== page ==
Adherence to the 30-minute rule in emergency caesarean deliveries due to foetal distress at Pelonomi Tertiary Hospital, Bloemfontein, South Africa

Nathaniel Mofolo, Patricia Cronjé, Mileka Gobodo, Oratile Magano, Mahlatse Mothiba, Nicolle Pierce, Gina Joubert

Abstract


Foetal distress is potentially life threatening, requiring an emergency caesarean delivery to forestall potential harm or death of the foetus. The American Congress of Obstetricians and Gynecologists recommended that the time from decision to emergency caesarean delivery should not exceed 30 minutes. The objective of this study was to determine whether the 30-minute rule was adhered to at Pelonomi Tertiary Hospital and to investigate the association between decision-to-incision interval and outcome of the newborn and mother. This cohort analytical study comprised 33 mothers who underwent emergency caesarean deliveries after foetal distress was diagnosed. Data were collected on time of diagnosis, start/stop time of caesarean delivery, outcome of mother and newborn and 5-minute APGAR score. Five (15.6%) of the 32 recorded decision-to-incision intervals fell within the 30-minute limit. Of the 33 neonates, two died. One mother experienced complication, but all mothers survived. The median interval in the newborns who survived was 92.5 minutes (25-850 minutes) and in the newborns who died 47.5 minutes (30-65 minutes). The study showed that the 30-minute rule in obstetrics is not adhered to, however, this did not have a direct negative effect on the outcome of the neonates or mothers.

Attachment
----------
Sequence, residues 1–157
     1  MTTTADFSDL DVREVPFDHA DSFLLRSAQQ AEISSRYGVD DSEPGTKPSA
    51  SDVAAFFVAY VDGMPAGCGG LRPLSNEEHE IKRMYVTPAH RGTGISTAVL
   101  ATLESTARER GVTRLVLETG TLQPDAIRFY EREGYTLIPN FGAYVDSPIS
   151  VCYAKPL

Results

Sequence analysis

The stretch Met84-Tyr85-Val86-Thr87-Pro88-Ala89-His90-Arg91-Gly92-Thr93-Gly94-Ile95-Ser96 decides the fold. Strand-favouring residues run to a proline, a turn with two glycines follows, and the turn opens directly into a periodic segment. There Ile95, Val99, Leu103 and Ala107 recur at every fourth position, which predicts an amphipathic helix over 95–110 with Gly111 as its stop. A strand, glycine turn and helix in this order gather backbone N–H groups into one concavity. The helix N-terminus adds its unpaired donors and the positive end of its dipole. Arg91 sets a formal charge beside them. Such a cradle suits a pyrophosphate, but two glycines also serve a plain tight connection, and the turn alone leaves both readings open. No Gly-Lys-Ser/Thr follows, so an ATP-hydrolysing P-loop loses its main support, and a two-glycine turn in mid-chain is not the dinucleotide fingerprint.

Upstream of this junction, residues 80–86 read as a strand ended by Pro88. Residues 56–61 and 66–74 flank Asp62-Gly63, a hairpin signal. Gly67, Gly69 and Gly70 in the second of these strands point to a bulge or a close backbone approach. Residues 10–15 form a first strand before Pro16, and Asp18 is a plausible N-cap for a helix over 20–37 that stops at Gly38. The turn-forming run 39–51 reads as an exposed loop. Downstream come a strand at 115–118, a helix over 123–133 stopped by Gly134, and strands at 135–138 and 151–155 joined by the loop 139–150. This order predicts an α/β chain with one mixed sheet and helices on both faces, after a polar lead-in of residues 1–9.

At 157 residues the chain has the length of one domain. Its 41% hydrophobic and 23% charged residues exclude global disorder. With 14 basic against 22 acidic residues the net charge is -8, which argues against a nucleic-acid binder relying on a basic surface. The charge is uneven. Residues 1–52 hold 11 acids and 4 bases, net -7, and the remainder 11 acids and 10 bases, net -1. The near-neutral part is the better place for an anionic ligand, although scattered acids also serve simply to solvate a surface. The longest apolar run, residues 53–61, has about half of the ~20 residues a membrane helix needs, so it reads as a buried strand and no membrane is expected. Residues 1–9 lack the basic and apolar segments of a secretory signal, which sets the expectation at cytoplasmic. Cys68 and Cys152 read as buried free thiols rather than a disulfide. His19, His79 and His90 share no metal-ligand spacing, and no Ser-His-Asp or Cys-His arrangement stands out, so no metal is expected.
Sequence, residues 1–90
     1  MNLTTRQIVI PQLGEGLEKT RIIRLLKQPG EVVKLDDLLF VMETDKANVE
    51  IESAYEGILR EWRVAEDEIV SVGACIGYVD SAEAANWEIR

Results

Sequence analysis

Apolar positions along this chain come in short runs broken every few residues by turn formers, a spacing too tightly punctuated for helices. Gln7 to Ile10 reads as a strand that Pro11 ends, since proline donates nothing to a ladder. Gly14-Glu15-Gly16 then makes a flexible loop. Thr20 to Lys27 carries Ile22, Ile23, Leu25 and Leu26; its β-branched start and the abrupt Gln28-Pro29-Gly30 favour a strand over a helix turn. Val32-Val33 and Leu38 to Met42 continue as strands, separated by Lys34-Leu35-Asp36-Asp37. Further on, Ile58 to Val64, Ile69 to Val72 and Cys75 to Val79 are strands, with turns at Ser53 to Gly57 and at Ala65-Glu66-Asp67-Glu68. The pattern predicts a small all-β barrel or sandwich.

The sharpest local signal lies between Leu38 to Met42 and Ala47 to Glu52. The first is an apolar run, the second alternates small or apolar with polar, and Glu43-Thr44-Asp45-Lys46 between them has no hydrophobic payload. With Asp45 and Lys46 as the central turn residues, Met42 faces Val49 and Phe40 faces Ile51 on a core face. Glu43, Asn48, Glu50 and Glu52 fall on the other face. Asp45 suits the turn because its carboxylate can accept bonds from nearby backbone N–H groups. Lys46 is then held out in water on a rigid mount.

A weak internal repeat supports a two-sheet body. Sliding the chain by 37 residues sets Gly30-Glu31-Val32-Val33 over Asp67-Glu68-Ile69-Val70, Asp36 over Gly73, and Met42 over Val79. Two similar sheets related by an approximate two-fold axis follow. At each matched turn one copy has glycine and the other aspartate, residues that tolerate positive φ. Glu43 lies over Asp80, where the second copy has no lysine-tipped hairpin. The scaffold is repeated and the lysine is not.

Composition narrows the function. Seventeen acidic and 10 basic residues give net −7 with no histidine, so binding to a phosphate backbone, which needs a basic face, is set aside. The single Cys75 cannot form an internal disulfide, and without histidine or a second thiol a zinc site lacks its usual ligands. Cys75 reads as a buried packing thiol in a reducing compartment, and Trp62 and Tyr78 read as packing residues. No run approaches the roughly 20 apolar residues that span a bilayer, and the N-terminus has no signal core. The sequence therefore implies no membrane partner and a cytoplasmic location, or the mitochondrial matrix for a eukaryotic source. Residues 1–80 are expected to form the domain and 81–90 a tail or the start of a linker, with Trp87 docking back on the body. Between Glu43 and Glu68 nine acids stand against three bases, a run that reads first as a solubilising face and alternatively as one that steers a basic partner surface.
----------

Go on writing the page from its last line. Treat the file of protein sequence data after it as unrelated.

Keywords


emergency; foetal distress; caesarean delivery; 30-minute rule; obstetrics

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